blogspot visitor
Generally Recognized As True: On finally replacing my Windows Media Center PVR with a cable company PVR

Wednesday, November 16, 2011

On finally replacing my Windows Media Center PVR with a cable company PVR

I finally threw in the towel on Windows Media Center's PVR and am now using an inferior cable company PVR instead. There was really only one channel that I watched regularly and the cable company was moving it to a digital channel not within reach of the analog cable dual tuner I was using in my Media Center system.

The new box isn't nearly as good as what was provided by Media Center and it's hard to believe some of the problems that exist on the cable company PVR.

Besides having a user interface that looks like it was generated by a Commodore 64, it has some other problems.

It will, for example, duplicate episodes in series recordings when they air multiple times on one day. This is a problem with guide data that doesn't distinguish new from repeat episodes for some stations, no doubt. But Media Center had a solution for it (to set an "around time" so that episodes are only recorded in the vicinity of a certain time each day -- this allows for minor schedule shifts as well as avoiding duplicates).

It will also -- and this is really hard to believe -- not let you customize your TV listings to only show the channels you can actually get. Since I'm on basic cable, I have to scroll through pages of listings for channels that I mostly can't get, with no indication of what I can actually watch. Media Center let you configure the guide by putting a checkmark next to the channels you want to see in the guide.

It will also not turn itself off if it is turned on when a recording starts. If it is turned off when a recording starts, it will turn itself off afterwards. If it's not, it won't.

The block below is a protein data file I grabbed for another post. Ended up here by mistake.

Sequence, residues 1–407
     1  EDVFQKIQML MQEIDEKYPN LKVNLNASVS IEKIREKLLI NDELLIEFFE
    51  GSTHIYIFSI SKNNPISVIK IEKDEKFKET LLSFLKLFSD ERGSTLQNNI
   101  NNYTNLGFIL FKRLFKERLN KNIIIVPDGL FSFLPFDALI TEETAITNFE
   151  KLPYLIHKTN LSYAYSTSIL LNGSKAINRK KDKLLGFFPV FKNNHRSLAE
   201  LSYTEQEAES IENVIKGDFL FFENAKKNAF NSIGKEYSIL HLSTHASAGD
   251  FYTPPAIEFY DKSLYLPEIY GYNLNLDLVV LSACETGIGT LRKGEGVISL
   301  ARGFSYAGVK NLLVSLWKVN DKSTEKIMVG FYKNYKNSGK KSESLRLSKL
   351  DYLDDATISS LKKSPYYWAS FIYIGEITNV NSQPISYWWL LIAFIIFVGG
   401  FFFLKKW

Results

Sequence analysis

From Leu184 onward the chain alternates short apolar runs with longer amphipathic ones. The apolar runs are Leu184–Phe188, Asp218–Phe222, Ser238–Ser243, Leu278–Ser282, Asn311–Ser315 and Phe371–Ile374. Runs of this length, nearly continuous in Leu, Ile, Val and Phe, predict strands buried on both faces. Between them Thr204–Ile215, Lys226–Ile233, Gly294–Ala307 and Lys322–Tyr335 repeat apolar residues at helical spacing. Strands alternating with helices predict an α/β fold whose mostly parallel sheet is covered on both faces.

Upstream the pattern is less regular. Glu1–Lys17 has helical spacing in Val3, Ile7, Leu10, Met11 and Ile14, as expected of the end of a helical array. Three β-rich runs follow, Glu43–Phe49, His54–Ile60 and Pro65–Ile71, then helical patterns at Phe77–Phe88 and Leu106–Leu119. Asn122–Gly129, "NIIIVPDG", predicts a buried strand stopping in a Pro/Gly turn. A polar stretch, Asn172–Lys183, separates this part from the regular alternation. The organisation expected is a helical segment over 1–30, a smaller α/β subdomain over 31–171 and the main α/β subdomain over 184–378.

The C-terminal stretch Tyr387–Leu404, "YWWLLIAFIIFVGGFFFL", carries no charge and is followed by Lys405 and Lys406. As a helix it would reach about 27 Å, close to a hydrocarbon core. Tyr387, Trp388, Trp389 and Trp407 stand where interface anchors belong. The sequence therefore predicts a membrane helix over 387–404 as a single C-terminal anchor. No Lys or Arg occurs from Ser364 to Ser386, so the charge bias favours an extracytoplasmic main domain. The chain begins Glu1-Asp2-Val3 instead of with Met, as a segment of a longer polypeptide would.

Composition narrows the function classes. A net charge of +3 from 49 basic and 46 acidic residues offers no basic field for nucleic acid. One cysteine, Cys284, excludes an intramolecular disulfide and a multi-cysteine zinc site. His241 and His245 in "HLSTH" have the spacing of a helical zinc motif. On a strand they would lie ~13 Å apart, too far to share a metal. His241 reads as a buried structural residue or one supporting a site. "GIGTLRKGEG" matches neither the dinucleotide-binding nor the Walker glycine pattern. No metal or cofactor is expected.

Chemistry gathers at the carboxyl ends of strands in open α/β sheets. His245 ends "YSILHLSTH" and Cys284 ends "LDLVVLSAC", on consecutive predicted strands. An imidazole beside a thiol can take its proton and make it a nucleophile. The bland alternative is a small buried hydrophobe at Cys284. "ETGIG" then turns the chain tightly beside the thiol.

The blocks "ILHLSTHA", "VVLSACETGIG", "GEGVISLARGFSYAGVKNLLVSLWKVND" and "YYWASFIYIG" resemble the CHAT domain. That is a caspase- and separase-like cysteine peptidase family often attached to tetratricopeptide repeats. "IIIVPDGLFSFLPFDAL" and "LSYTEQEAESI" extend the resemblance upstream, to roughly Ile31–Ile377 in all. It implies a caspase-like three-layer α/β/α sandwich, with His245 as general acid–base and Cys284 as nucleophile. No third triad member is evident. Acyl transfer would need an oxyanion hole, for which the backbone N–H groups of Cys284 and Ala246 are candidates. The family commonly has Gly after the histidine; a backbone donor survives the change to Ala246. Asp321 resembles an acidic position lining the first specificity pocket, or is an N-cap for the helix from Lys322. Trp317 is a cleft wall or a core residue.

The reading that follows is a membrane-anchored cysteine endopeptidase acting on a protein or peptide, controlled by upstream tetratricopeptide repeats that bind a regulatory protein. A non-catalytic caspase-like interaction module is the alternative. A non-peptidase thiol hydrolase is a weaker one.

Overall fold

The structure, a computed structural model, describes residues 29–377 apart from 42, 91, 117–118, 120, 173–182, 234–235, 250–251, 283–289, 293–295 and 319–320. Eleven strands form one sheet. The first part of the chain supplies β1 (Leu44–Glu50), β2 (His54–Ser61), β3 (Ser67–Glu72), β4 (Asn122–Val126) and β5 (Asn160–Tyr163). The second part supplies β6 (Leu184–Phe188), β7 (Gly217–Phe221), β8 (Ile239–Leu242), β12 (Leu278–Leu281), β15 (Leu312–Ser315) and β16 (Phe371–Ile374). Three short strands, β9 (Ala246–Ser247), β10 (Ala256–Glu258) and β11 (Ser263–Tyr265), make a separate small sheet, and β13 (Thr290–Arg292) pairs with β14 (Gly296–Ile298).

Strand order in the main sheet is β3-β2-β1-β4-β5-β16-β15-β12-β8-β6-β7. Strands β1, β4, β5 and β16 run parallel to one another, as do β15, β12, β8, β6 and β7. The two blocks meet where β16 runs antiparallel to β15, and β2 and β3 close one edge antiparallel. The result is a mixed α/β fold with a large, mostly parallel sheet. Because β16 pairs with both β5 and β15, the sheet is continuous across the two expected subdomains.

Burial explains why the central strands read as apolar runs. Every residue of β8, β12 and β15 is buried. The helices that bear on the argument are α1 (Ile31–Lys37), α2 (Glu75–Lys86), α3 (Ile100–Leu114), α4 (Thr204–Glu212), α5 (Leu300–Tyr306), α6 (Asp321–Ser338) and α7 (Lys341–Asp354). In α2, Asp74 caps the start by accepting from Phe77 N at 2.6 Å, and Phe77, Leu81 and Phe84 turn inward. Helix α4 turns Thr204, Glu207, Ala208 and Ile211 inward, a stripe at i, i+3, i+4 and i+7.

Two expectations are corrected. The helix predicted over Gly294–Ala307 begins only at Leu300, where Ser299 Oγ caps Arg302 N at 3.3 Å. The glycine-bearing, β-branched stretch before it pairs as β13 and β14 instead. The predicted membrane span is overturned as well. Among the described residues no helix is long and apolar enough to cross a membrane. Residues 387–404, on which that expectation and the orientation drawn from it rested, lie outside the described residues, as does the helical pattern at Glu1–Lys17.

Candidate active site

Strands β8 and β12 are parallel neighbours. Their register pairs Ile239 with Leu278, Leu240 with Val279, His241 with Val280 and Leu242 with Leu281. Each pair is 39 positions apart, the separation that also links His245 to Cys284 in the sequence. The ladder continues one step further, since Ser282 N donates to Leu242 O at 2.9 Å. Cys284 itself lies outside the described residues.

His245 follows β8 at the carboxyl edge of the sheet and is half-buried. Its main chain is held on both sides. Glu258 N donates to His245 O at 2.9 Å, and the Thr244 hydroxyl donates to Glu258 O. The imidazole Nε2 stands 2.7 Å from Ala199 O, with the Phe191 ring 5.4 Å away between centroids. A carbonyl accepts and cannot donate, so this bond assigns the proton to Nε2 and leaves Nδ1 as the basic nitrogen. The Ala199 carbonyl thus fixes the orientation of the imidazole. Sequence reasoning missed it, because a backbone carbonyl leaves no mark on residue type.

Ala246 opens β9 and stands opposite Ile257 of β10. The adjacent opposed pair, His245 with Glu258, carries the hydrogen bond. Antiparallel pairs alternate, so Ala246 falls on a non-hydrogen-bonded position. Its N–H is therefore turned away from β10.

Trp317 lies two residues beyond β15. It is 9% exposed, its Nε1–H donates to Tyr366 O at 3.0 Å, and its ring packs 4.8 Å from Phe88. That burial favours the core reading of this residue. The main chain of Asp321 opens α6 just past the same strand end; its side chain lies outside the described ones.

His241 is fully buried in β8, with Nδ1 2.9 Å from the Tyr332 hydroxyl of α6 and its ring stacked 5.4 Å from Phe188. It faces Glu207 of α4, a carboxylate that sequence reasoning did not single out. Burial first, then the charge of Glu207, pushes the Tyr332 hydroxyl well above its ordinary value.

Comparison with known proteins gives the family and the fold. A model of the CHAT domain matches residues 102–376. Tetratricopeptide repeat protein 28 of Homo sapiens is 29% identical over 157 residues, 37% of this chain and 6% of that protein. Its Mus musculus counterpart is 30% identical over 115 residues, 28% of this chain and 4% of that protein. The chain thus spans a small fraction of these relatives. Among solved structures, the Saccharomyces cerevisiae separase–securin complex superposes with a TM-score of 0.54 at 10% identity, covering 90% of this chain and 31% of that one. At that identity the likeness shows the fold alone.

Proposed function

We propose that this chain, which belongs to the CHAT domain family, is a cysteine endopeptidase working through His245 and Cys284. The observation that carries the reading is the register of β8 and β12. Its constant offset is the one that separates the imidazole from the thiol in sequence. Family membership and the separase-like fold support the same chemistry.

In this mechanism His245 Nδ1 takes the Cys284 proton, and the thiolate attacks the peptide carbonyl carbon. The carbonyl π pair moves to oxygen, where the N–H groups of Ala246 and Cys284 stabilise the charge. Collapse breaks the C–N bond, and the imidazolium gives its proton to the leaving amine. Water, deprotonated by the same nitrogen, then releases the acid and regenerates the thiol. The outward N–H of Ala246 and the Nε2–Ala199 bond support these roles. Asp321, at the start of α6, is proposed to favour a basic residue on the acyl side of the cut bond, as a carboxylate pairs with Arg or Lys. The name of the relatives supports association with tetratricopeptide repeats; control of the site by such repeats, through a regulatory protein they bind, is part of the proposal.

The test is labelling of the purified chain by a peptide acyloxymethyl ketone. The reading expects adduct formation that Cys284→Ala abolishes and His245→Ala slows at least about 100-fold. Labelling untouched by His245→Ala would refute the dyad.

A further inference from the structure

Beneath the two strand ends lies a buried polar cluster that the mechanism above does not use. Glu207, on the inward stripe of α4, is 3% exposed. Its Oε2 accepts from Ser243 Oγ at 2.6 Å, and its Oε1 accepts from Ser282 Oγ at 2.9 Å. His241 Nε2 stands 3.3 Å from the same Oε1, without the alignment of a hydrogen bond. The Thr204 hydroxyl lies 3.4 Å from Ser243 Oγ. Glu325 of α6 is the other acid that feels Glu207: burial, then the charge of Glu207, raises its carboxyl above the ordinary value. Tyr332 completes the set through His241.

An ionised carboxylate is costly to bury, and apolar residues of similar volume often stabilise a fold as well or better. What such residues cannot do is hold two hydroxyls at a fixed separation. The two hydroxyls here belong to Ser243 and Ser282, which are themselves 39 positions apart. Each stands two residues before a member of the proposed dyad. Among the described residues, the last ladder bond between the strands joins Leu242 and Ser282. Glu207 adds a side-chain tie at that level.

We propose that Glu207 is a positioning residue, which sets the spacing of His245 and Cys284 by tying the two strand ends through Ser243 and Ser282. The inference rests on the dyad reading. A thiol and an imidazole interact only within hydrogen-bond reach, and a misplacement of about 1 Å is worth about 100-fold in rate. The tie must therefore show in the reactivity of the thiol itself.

I was also not looking forward to a few dollars extra on my power bill by adding the power load of a PVR that always keeps its drive spinning whether it's being used or not, but this has been somewhat mitigated by the surprising fact that removing the TV tuner card from my Media Center cut the power consumption of the system by 12 watts (which is worth about $1/month).

I am still using the Media Center for music and videos. I played with a WDTV Live to see if it could fill that gap and allow me to cut the cord between the Media Center and my TV but, while it was very good, it wasn't quite good enough. Most importantly, it lacked a skip back / skip forward feature for videos, which is a feature I use quite often. Users have been requesting it for awhile now, it is not difficult to implement, and I find it very useful... so, even though I am someone who hardly ever returns anything, I did return it to where I bought it from.

Media Center failed to make the transition to digital cable support gracefully, more because lack of industry co-operation than anything to do with Microsoft's own efforts. I have a feeling that the industry will regret their decision not to co-operate because if Microsoft is serious about pursuing this market then they will have to develop a system that bypasses the cable and satellite TV services completely, and I have a feeling that they or someone else will get there eventually.

2 comments:

Jon Deutsch said...

I'm confused as to why you just don't pick up a digital tuner for your PC. You'd then get access to all digital cable.

mattbg said...

Jon, mainly because most of my cable company's channels are encrypted, and they don't (won't) support CableCARD and nor does the competition.